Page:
Driver           "mouse"                                                                                                                                                     
       Option           "CorePointer"                                                                                                                                               

Section "Monitor"
       Identifier       "CRT"
       Option   "Enable"        "true"            
        Option  "Ignore"        "true"                                            

Section "Monitor"
       Identifier       "LCD"
       Option    "Enable"       "true"         
        Option  "PanelSize"     "1280x800"     

Section "Monitor"
       Identifier       "DVI"
       Option    "Disable"      "true"

Section "Monitor"
       Identifier       "TV"
       Option  "Ignore" "true"

Section "Monitor"
       Identifier       "HDMI"
       Option  "Ignore" "true"

Section "Monitor"
       Identifier       "CRT-2"
       Option     "Ignore"      "true"

Section "Monitor"
       Identifier       "LCD-2"
       Option     "Ignore"      "true"

Section "Monitor"
       Identifier       "DVI-2"
       Option     "Ignore"      "true"

Section "Monitor"
       Identifier       "TV-2"
       Option     "Ignore"      "true"

Section "Device"
        #BusID "PCI:00:01:0"
        Driver  "via"
        VendorName      "VIA Tech"
        BoardName       "via"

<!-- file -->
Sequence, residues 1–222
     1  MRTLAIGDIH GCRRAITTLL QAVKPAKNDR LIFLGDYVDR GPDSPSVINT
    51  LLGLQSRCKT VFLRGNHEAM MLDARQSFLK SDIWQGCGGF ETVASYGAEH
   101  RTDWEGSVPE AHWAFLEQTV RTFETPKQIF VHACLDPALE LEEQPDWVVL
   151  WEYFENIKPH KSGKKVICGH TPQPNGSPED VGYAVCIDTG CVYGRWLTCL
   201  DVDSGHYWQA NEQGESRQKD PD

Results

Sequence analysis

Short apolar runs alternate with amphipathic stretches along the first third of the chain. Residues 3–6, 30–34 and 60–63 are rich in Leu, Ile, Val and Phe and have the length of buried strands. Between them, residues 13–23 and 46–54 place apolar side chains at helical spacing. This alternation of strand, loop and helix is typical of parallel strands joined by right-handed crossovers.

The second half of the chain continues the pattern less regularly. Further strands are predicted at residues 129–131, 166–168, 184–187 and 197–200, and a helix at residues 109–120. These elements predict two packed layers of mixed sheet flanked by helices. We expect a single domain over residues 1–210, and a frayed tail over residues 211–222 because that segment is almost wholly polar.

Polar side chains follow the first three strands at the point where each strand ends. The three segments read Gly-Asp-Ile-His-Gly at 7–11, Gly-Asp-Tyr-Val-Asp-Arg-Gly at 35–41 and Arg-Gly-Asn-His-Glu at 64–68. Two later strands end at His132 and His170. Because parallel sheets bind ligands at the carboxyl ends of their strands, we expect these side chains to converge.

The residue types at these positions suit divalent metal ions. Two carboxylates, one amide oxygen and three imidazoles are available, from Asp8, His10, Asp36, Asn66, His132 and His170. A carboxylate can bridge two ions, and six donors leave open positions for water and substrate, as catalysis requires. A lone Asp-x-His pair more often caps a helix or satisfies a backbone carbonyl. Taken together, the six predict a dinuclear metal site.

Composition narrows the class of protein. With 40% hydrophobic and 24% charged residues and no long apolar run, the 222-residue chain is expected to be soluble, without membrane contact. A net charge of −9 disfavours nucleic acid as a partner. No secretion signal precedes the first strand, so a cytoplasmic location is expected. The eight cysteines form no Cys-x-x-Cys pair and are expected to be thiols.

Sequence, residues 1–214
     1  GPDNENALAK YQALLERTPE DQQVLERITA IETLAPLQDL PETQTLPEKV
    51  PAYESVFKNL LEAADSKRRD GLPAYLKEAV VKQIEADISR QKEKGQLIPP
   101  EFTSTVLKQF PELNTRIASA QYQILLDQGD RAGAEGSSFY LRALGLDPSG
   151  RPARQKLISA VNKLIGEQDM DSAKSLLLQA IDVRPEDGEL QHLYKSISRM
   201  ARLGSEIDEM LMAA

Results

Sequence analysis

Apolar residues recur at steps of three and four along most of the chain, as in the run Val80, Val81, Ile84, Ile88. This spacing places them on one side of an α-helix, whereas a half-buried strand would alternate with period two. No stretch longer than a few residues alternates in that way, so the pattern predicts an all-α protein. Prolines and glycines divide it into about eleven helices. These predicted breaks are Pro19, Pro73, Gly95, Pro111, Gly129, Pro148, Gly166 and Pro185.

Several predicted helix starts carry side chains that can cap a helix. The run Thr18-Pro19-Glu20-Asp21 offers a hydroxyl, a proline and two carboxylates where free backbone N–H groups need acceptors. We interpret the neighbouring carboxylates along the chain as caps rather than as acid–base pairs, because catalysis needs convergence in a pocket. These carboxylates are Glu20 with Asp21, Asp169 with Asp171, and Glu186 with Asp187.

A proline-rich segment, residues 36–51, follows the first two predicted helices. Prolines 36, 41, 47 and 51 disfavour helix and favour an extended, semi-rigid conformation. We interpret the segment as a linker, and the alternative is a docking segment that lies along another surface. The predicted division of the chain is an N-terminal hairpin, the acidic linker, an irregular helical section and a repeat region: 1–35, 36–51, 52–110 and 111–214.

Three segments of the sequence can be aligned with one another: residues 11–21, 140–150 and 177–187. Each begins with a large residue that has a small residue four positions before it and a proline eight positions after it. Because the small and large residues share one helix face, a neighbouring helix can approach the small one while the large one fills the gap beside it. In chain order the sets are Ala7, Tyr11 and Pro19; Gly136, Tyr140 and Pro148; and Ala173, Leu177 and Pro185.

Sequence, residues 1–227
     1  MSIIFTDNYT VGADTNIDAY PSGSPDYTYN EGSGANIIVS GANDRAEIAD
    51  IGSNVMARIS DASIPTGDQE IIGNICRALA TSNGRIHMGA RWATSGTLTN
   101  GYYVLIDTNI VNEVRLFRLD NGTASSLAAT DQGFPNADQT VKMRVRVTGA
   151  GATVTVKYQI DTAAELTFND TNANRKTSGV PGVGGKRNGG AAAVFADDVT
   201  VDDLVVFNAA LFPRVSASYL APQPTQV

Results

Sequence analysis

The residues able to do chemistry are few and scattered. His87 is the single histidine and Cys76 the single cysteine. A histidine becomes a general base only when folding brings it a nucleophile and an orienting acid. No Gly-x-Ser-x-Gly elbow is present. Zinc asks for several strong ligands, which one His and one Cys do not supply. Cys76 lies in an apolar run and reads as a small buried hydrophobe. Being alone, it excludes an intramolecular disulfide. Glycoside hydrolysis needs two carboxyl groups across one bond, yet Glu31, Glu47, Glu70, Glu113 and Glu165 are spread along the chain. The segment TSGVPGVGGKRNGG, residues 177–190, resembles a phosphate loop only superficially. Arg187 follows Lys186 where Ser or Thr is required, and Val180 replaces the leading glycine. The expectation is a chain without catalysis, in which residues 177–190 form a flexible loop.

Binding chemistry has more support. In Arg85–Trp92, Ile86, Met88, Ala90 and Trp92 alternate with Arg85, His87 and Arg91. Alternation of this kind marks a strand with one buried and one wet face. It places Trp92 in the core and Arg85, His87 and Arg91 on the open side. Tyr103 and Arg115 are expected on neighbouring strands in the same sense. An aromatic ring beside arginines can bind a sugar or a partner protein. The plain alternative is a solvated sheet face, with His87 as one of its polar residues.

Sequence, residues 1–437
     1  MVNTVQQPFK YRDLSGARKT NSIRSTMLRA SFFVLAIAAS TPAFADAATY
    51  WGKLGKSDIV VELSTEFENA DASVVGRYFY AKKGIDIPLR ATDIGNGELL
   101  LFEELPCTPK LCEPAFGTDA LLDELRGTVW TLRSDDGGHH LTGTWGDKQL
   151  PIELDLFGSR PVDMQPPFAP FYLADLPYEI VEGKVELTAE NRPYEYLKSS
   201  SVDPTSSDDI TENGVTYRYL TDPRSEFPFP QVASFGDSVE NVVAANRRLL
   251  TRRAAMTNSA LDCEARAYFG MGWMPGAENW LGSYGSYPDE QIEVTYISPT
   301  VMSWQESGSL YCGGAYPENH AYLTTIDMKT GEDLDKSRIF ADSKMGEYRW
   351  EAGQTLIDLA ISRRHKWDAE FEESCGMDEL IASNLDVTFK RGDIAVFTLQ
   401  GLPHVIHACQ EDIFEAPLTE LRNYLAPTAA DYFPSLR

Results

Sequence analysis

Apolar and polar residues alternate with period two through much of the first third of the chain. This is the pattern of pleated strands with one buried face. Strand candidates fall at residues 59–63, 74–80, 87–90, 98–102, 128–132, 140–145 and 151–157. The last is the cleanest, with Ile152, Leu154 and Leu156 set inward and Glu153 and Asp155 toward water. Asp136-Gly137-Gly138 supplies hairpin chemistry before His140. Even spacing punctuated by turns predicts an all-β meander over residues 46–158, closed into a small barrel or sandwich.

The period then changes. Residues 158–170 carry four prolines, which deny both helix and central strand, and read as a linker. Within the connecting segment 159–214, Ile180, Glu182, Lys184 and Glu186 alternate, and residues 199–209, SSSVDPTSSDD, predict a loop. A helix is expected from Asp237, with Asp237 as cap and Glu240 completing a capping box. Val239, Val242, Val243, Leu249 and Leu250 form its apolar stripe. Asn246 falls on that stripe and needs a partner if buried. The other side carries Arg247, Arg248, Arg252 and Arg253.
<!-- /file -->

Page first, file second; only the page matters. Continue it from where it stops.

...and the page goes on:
Identifier      "Configured Video Device"
        Option          "AccelMethod"           "EXA"
        Option          "MigrationHeuristic" "greedy"
        Option          "ActiveDevice"          "LCD"

Section "Screen"
       DefaultDepth 24
       SubSection "Display"
              Virtual 2000 2000
              Depth  24
       Identifier       "Default Screen"
       Device           "Configured Video Device"

Section "Module"
      Load  "glx"
      Load  "dri"
      Load  "extmod"

Section "DRI"
       Group 0
       Mode 0666

Section "Extensions"
        Option  "Composite"                     "Enable"


Wireless will work out of the box. But there is a glitch. Sometimes the connection will suddenly stop working and running dmesg will show the following message repeated many times

ath5k phy0: failed to wakeup the MAC Chip
ath5k phy0: can't reset hardware (-5)

At this point, the only solution seems to reboot. This is quite annoying as it can happen suddenly and frequently. The problem has been reported already in many forums, although as of kernel 2.6.31-15, it has not been solved yet. See for example the following link: